Like others, I really have some doubts about how these statistics are tabulated. And secondly, I wonder if accounting in the past have been off and now, are being accounted accurately.
You nailed it Eugene. I’m batting maybe .300 with my children. As PK’s they saw the dirty inside of the institutional church and were deeply turned off, but they still embody and look for the stuff you mention…maybe not in church but somewhere in their world. The other thing that is intensely important for them is creation care. In my dissertation…which i’m beginning to repack for a book, i take about 50 pages to deal with our syncretism in the North American church. It is kind of a look from the inside of the passing, dying institutional church. Bring it on, quickly, so we can get on with the new thing.
@jimmy spencer: good thoughts.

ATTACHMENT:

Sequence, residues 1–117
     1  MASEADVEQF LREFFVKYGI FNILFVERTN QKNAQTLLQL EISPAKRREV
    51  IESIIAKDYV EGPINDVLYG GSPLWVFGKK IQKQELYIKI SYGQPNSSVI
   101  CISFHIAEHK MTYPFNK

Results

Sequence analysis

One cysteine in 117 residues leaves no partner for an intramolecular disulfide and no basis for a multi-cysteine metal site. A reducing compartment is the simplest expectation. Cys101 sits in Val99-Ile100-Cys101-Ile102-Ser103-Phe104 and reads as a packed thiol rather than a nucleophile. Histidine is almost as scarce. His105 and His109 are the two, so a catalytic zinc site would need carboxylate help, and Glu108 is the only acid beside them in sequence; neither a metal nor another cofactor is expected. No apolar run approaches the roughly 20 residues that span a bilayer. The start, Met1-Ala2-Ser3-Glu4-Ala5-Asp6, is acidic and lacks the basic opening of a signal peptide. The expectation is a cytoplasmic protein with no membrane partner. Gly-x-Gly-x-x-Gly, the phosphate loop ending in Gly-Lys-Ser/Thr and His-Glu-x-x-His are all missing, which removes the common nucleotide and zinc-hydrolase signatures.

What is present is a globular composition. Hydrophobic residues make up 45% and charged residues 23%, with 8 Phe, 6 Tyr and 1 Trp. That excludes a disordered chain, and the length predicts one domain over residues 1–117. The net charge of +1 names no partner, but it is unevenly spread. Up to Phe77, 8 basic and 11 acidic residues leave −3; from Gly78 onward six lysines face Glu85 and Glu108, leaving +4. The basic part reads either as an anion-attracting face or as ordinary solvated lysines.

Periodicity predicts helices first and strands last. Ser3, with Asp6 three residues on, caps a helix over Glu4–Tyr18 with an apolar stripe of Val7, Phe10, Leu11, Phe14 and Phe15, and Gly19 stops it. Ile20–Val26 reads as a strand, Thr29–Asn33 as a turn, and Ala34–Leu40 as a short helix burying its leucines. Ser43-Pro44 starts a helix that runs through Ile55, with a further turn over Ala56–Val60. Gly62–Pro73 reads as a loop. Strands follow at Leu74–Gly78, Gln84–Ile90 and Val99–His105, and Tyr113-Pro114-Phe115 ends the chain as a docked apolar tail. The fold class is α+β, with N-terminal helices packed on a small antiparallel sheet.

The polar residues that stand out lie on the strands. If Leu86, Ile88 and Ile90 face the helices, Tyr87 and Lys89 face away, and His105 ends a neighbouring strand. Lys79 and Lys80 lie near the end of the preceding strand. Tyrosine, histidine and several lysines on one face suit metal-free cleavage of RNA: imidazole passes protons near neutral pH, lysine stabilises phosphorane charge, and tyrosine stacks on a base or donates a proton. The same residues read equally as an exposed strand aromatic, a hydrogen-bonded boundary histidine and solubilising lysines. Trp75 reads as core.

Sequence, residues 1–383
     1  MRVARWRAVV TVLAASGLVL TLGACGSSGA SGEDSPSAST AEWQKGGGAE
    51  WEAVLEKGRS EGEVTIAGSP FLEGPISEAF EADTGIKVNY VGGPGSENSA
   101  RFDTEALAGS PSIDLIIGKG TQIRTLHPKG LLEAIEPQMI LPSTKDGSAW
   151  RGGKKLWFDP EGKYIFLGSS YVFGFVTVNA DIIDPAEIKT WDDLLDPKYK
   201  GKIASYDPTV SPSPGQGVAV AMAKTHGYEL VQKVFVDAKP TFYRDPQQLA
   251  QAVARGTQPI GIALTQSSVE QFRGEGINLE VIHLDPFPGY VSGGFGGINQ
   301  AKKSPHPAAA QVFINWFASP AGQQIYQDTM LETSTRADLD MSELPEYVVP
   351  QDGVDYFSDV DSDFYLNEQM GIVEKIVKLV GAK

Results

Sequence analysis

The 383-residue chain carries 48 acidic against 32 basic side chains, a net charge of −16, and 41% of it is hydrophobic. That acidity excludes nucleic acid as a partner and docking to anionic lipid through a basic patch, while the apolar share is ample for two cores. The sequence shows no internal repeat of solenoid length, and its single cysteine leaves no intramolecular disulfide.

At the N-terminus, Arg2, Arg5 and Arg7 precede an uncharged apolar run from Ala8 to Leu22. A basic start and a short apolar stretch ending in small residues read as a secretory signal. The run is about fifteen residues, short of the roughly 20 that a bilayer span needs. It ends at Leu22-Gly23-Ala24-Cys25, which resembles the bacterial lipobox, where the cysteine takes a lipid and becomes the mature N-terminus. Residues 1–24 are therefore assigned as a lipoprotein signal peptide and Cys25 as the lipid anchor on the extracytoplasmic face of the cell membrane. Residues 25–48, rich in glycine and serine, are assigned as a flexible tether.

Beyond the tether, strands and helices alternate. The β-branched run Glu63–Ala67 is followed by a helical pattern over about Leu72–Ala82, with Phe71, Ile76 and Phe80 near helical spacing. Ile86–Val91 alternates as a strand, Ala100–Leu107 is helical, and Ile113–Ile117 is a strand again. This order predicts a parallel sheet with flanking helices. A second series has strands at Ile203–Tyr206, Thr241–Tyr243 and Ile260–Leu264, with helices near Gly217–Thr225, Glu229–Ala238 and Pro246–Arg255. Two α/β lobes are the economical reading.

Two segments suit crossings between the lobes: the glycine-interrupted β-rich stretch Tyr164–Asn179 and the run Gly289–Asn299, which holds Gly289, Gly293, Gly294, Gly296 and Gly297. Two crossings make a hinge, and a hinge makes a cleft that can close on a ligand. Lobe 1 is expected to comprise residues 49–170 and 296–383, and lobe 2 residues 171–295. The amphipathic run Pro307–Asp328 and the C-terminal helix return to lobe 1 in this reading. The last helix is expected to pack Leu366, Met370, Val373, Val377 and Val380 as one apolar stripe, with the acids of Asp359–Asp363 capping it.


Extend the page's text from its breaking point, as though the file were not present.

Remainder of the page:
my one pushback. we need the organic movement and the institutional church. numerous times, i’ve seen folks swear off the institutional church – but only to come back…when they need something.
“we need the organic movement and the institutional church.”
Why do we need an institution? I don’t think that we need an institution, we need organization.
Organic churches tend to be more chaotic, strongly relational, and often anti-institutional, and sometimes anti-organizational (like my last pastor). But to match up to our missional values there needs to be organization. Without organization, you talk all the time about all the things that need to get done, but nothing ever gets done. But with an institution, all your resources end up going to sustaining the institution rather than towards the mission. There needs to be a balance.